Graphs are fun. Here’s a look at Pitchfork’s Top 200 Albums of the Decade, broken down by year.

While poring over Pitchfork’s Top 200 Albums of the year, I got the feeling that 2000 and 2001 were popping up more than any other year. I put together a quick spreadsheet of the numbers of releases per release year. What this chart shows is that, yes, 2000 and 2001 (and 2002) had more albums on the top 200 than other years.

Looking at the dip in top 200 records in 2003 and 2004 led me to my next question: How important were the album releases from each year. To generate the next graph, each album was assigned a value corresponding to it’s ranking on the top 200. For example, Kid A was given 200 p0ints, Yankee Hotel Foxtrot was given 197 points. Next, the values for each year were summed and then normalized to 100. So what you’re looking at is the contribution of each year to the best music of the decade.


What we see are that not only did a greater number of top albums arrive at the beginning of the decade but that those albums were on the whole the best of the decade. So, 2000 and 2001 were indeed the most culturally fertile of the decade. Probably the most shocking of all is that these top records, the ones from 2000 and 2001, were ALL released before 9/11.

Let’s try an argument against these albums being ranked so high. You might say, “those albums have been out for almost ten years now, their cultural significance can be fully assessed at this point.” Yes, there is merit to this argument, especially when viewing the contribution of 2008 and 2009′s albums to the best of the decade. However, we still have 2003 and 2004 to address. What happened ? The trend indicates that there was actually a cultural nadir that occurred near the middle of the decade.

Any thoughts on the best albums of the decade or the cause of the cultural nadir in the middle of the decade?


  1. jeff r

    I think some of this can be attributed to Pitchfork’s authorial bias towards records that either (1) had the greatest impact on music that followed, or (2) represented the artistic peak of an artist or genre. Because those attributes become clear over time, it makes sense they’d skew towards old records.

    It follows, then, that there would be a significant drop off after these peaks. Kid A and YHF, for example, stretched their respective genres as far as anyone could take them. It would be interesting to see what records from 2003-2005 ranked, and whether they build on the 2000-2002 genres, or whether they do something new (like Person Pitch). Based on that logic, Arcade Fire’s Funeral, while an excellent record, should not be #2.

    Posted October 2, 2009 at 1:36 pm | Permalink

  2. This is a truly fascinating post, man. Right on.

    Posted October 22, 2009 at 10:28 am | Permalink

  3. Couple of points: One, I’m not sure the release date matters so much re whether records were pre- or post-9/11. Recording dates would seem to be more instructive, no? I mean, if the question is whether 9/11 affected the quality of music made slightly after, we’d really want to look hard at the “best” records from 2002, maybe 2003 – not 2000 or 2001. The only effect 9/11 can really be said to have had on any of those 2000 or 2001 records (since even late 2001 releases would have been recorded months before 9/11) was with Is This It. You may recall that it was set for release on September 11, then had to be pulled so New York City Cops could be replaced with something less inflammatory given the tragedy. But the dip in 2003 and 2004, if it means anything at all – that might well suggest that 9/11 had an effect, as musicians struggled to make sense of the new world the same as politicians and children and everyone else did. That’s possible, but I’m not sure it’s right, because … Two, let’s not forget that there’s a huge problem with treating human beings’ reviews of music as purely scientific data. What Pitchfork thinks of a given record now is probably not what it will think of the same record in time. ( I wrote about this very briefly here: ) They redid their best-of-the-’90s list a couple of years after releasing it, and they’re pretty much telling you they’ll redo this one, too, when they admit they haven’t had time to process 2008 and 2009 yet. ( Hell, process 2009 – they didn’t even wait for it to end! ) I’m interested to see whether the “dip” in 2003 and 2004 will even exist when they reset the list – but there’s one more factor here. Three, remember that taste is by definition personal and therefore subjective, and that this was a decade of tremendous upheaval for Pitchfork itself. The whole site from 2000 to 2009 is transformed; the staff is different; everything’s different. When they do reset the list, it may not even be the same people whose taste is reflected. My personal take: 26 albums from one year down to 20 in another probably isn’t anything worth worrying about. As to the “dip” years, Pitchfork itself cites Funeral ( 2004 ) as possibly the last album ever to unite virtually everyone in gaining praise, and I’d say A Grand Don’t Come For Free ( 2004 ) and Guitar Romantic ( 2003 ) are criminally overlooked and, seeing how they’re kinda the same record, it doesn’t make much sense to have Is This It at No. 7 and Room On Fire ( 2003 ) nowhere in the Top 200. But that’s just me, maybe – again, this is all so terribly subjective. In any event, feel free to check out more of my ramblings at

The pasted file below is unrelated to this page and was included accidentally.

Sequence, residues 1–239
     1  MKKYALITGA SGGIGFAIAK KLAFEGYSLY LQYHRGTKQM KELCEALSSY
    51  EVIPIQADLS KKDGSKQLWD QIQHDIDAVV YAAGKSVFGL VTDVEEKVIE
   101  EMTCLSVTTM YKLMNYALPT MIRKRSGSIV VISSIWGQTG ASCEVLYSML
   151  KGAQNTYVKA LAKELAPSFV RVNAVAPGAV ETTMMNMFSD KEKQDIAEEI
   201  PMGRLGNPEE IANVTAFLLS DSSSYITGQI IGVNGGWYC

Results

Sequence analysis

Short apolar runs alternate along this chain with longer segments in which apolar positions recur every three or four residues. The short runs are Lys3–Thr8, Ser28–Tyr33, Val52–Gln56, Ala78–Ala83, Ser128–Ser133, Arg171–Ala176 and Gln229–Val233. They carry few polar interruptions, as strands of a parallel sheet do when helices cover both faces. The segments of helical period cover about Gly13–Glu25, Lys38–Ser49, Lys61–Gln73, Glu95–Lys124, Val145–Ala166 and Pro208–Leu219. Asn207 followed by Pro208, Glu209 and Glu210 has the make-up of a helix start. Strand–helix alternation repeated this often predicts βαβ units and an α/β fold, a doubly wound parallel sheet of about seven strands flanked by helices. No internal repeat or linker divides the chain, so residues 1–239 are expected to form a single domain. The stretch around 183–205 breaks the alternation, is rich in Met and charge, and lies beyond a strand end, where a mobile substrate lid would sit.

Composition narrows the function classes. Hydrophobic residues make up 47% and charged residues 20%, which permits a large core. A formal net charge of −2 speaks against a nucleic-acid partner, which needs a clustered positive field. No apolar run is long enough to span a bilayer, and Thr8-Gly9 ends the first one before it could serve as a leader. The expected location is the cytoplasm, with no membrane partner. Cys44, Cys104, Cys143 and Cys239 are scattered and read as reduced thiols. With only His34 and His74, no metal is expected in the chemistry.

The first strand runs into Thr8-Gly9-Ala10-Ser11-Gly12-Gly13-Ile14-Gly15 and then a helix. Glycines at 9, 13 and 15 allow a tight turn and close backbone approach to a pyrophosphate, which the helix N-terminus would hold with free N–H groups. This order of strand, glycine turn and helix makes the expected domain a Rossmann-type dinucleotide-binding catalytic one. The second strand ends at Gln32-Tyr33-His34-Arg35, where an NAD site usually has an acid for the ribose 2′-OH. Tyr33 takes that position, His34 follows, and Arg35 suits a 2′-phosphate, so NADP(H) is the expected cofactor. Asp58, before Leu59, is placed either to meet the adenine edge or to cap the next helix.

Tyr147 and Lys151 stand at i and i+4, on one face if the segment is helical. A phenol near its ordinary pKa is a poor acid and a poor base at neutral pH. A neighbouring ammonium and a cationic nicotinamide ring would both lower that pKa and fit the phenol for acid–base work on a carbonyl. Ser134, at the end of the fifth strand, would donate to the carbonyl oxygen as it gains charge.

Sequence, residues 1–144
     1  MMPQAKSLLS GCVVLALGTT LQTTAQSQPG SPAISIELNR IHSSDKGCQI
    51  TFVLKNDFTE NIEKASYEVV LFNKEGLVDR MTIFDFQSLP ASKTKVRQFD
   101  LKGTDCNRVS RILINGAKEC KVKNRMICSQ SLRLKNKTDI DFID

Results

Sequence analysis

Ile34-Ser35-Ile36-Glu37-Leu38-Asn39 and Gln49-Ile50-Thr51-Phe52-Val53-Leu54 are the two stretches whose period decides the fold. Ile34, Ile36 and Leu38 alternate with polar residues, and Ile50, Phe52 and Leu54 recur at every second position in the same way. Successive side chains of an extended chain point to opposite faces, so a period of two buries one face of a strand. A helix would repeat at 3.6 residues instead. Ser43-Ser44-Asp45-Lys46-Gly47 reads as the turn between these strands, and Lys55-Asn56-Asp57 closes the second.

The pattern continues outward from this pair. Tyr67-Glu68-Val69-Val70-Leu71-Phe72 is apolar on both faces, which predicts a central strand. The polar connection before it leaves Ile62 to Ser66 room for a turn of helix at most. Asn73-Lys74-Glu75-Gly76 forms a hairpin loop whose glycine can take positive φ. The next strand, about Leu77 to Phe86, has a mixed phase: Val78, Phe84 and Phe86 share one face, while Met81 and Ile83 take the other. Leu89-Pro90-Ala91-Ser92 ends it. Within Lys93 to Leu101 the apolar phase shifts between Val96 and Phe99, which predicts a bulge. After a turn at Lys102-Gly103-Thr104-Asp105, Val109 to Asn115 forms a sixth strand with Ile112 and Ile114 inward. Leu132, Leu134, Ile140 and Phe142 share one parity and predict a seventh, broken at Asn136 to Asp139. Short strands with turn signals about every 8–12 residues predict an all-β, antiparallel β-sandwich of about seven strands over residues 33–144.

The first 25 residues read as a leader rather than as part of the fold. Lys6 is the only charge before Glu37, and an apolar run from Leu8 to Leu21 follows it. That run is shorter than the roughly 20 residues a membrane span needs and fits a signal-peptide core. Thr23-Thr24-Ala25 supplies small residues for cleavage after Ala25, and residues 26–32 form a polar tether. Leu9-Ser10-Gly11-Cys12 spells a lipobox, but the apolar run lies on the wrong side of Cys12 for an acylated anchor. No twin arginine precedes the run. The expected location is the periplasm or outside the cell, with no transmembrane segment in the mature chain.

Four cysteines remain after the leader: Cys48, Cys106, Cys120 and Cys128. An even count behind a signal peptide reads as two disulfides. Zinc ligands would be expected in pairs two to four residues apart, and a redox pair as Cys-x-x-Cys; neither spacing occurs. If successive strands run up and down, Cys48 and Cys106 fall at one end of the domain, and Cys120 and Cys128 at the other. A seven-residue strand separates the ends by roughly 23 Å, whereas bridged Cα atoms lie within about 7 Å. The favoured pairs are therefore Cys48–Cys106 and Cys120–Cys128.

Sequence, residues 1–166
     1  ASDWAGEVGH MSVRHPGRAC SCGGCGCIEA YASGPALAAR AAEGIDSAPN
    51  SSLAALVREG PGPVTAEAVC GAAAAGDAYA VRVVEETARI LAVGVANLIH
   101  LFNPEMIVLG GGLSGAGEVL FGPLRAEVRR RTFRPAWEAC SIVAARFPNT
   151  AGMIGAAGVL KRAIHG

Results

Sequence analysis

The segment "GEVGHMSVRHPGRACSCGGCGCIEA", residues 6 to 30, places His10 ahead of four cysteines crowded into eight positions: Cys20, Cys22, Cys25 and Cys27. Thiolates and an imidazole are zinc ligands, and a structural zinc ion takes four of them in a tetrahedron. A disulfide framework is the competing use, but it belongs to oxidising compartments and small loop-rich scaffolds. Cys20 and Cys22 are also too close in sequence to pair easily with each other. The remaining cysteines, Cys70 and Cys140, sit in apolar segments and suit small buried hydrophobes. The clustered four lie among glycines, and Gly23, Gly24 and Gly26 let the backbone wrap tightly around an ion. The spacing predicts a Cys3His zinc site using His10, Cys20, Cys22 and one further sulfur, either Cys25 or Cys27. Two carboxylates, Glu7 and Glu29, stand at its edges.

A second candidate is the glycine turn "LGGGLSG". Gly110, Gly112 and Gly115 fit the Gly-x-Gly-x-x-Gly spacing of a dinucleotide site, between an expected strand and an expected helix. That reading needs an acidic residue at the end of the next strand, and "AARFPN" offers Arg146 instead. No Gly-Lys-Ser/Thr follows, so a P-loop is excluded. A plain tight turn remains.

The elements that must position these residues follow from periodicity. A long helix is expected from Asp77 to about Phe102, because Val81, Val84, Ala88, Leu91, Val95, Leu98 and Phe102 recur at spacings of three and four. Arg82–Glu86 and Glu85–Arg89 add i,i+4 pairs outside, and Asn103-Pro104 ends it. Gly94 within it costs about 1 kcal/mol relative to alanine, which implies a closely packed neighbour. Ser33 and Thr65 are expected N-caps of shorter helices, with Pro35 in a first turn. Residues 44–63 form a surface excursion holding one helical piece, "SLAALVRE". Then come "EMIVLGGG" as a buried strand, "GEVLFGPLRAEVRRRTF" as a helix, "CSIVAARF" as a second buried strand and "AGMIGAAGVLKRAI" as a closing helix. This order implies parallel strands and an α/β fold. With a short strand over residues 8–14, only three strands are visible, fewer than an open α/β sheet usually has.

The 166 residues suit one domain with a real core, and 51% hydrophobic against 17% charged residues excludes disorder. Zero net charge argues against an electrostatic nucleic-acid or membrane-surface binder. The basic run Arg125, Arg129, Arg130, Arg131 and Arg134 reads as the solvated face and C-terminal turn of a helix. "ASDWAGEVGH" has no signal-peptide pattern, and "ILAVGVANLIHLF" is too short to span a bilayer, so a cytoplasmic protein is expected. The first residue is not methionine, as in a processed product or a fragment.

Posted December 4, 2009 at 12:57 am | Permalink

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